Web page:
you need is within close walking distance” – such as Apostrophe for her daily morning americano with almond milk that she grabs on the way to her office in Kensington. “I’ve bought a few pieces for my house now but I often see new things and I want to redo everything. There’s quite a lot of temptation involved in my job, so in terms of making a decision when it comes to doing up my own place, I have too much choice. ‘Do I want to do something really minimal today, or do I want to go bold’, do you know what I mean?” she asks. Her work often takes her far from Notting Hill, with a portfolio covering both residential and commercial jobs. She admits that the latter are often more enjoyable because of the opportunity to play, but there is one current project that has been particularly memorable: a refurbishment of a Richard Meier-designed building in East Hampton, New York, the childhood home of celebrity stylist Elizabeth Saltzman. “We’re taking it back to the 60s to how Elizabeth and her brother remember it as children. So we have primary coloured bedrooms and we’ve reworked psychedelic prints that we found in the house to contrast with the exterior of the building itself, which is very pure and white,” she explains. “The décor inside is quite wild. It’s a dreamy brief. I would never get offered something like that over here in the UK.” As well as dividing her time between residential jobs in Manhattan and London – including a recent refurbishment on Horbury Crescent – and a shared office space in the UAE, Hickman is also currently working on a project for Farfetch in Tokyo. She refers to her signature style as clear, concise and finely detailed, but would she say she has a trademark touch? “I suppose I have an approach in the way that I might deliver a message,” she offers, hesitating slightly. As for her pet peeves, she is more vocal. “I hate trends,” she declares, countering that with, “well, I don’t mind looking back at them once they’re over. But at the moment there’s too much brass and pink and green everywhere,” she adds regretfully. At least it’s not oak floors and white walls.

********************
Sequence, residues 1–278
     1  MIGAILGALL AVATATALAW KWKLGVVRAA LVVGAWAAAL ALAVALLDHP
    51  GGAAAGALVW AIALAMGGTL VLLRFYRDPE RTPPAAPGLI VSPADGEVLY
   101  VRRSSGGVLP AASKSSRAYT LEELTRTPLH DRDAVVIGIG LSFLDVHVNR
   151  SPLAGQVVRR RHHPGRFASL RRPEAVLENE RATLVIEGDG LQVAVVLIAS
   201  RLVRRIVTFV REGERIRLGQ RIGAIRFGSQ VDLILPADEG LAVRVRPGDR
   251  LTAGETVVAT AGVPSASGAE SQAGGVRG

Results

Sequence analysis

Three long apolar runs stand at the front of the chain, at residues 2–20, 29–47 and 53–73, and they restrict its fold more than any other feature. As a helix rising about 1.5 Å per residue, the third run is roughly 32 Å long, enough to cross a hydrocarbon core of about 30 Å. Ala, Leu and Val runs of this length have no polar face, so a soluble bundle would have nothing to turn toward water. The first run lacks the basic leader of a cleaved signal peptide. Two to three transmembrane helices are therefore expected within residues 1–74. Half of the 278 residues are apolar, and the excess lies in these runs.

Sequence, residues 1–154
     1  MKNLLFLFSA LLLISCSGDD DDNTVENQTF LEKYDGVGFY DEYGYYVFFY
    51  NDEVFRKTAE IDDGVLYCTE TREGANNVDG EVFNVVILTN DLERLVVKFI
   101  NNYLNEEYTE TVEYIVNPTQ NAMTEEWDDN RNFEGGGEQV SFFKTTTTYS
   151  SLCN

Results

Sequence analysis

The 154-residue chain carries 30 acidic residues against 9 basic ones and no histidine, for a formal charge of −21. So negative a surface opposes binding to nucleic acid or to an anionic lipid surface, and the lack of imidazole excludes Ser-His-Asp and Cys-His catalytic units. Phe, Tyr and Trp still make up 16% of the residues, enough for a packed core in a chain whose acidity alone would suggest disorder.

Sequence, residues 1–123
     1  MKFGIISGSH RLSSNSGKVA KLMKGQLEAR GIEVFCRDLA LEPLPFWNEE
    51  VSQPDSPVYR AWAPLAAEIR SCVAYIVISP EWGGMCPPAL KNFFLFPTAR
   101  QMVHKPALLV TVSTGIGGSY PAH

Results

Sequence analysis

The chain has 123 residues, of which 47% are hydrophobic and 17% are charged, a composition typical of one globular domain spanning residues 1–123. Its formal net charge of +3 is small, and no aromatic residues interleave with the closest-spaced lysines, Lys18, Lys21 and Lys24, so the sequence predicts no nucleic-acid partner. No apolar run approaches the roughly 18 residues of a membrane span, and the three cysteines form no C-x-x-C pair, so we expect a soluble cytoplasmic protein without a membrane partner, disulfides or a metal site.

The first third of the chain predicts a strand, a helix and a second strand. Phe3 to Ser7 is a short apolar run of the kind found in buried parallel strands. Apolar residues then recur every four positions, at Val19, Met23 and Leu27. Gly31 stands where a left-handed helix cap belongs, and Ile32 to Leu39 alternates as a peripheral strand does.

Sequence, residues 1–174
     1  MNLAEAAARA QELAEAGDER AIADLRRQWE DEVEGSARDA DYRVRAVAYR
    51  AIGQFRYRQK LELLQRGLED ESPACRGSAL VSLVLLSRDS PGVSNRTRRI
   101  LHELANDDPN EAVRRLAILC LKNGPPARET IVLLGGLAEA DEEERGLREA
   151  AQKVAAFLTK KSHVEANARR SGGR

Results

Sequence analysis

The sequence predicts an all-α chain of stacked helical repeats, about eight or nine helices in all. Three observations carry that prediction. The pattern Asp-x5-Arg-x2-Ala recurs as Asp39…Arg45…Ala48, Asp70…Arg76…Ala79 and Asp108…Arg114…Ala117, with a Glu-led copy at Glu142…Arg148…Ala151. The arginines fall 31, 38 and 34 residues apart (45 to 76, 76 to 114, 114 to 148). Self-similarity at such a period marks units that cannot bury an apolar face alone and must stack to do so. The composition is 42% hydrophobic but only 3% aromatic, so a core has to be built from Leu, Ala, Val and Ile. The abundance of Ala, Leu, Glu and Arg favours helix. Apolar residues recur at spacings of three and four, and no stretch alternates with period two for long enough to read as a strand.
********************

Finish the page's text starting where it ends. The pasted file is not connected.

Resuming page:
“It’s disappointing when these beautiful listed buildings are gutted and treated like new”



Off the



Trust your instincts

Colour has such a unique power. For me it is much more than just pigment – it’s a way of being. It has always Tricia Guild OBE, founder and creative played such a vital role, in both my personal and director of Designers Guild, shares her professional life, that I tips for embracing colour simply cannot imagine my world without colour. as told to: anna thornhill Colour surrounds each of us, whether it’s the pigments found in nature, a cityscape, our clothing, the food we eat... the list goes on and on. So follow your own senses rather than trends – this will prove far more rewarding in the long term. My advice to people looking to add a splash of colour to their homes is simply to let your personality shine though. Visit a vintage or antiques market and if you see something you love, bring it home. Grab a new cushion, or a rug, or perhaps try papering a wall or two. The idea is that you trust your instincts and have fun following them.


Set the tone

People are often overwhelmed by colour. In my book, Paint Box, I wanted to take away the mystery of colour without killing the magic. Crucially, when decorating you need to consider how you want your home to feel. Are you after cosy comfort or slick, stylish practicality? The energy in our homes comes largely from the way we live in